The story of Poetry Incarnation '05, the Philly Free School event held at the Khyber in Olde City Philadelphia on July 5, 2005, is a wry one. The primordial fact of the event was not evident to me and Mike Land until the event was underway: because the Khyber was on ground-level; anyone walking by on 2nd Street could look in and see what was going on; the chaotic, ecstatic frenzy of the Highwire P.F.S. shows couldn't happen. The labyrinth entrance to the Highwire, and its placement several floors up from street-level in the Gilbert Building, made it ideal for loosening up the inhibitions of a willing audience. So that, we got hype for Poetry Incarnation '05 (I had done an interview with Deesha Dyer of Philly City Paper from the Boston 'burbs about ten days before the event), lots of paying customers showed up, but beneath the surface, Mike and I knew that the basic premise of the Philly Free School (we offer you new kinds, forms, manners of freedom, so that you see what you can handle) was not able to be fulfilled. Mary & Abby couldn't make it; Jeremy Eric Tenenbaum was conspicuously absent, too. The most memorable performance, for me, was Hannah Miller's drunken screed about what Philadelphia meant to her. There was also some unpleasantness from the PhillySound poets; they expected to be a headlining act, and wound up reading without any particular fanfare, just like everyone else. They later claimed, falsely, that I "stole their money." All in all, Poetry Incarnation '05 was worth doing; it established us, P.F.S., as a public commodity in Philly; but was nonetheless not as much fun as the Highwire shows. Many years later, it is also noticeable that there was no one highlight to the entire Philly Free School experience of the mid-Aughts. The highlight was the sustained 2004/2005 peak of what the Highwire Gallery bothered to be in Center City Philadelphia; and how Mike and I managed to ride these waves towards a series of events that made the pursuit of real freedom the issue it should be among the human race.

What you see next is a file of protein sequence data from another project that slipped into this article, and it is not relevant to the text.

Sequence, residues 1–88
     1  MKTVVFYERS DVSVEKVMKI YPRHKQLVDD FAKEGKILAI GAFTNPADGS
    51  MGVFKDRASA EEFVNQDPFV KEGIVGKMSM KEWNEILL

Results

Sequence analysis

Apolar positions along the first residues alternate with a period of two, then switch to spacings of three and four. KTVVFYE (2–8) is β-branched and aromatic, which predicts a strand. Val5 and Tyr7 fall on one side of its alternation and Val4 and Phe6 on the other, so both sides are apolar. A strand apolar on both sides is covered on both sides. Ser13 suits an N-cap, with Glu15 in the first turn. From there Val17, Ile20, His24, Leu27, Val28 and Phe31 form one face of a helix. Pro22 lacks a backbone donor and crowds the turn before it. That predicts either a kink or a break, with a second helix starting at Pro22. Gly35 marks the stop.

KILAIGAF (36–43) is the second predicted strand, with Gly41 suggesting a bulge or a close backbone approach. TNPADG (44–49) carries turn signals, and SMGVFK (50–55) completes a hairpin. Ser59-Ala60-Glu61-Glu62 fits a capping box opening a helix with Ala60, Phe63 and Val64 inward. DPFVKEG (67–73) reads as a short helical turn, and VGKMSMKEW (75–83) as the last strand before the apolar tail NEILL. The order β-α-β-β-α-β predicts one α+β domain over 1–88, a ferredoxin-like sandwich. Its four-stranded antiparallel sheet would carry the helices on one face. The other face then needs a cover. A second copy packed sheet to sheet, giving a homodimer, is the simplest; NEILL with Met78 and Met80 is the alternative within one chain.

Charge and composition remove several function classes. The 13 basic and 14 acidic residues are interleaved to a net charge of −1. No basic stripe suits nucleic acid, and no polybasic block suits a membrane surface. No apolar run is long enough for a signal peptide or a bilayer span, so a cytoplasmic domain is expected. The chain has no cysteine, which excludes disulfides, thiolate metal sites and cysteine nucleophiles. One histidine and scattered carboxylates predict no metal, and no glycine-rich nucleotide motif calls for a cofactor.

The Adelphia House


For the duration of the mid-Aughts, Mike Land lived at the Adelphia House at 13th and Chestnut, here shown. The point of interest: what Mike was exposed to was a neighborhood which had no specific name; was, in fact, the absolute center of Center City Philadelphia. The center-of-the-center vibe was interesting: Mike's window looked down, from the seventh floor, at Chestnut Street; and what he would see, even at one, two, or three in the morning, was a constant fracas. Directly across the street was the liquor store from 1488; a few blocks away was Woody's, Philly's el primo gay bar, where the Free School pack would sometimes hang out. Yet Mike's window square was about a neighborhood and an intersection that never slept. Logan Square was relatively quiet at night, as was West Philadelphia. It is from the Adelphia House that we planned Free School moves like Poetry Incarnation '05, and the various shows we did at the Highwire Gallery. Incidentally, the Highwire Gallery, on Cherry Street between Broad and 13th Street, a few blocks from Mike (and in a neighborhood which, as of '19, has been partially re-zoned), was another center-of-the-center edifice, even as the vibe was slightly less of a fracas than the Adelphia House. By Cherry Street, Broad is turning into North Broad; yet from the Gilbert Building steps, the view of Philadelphia City Hall was stunning. From the Adelphia House windows, which faced south, no dice. What Mike had going, at the center-of-the-center, which Mary & I did not, is the sense of Philadelphia as a great raging beast, constantly churning, constantly in motion; and Mike's life at the time was a ricochet of the same energies.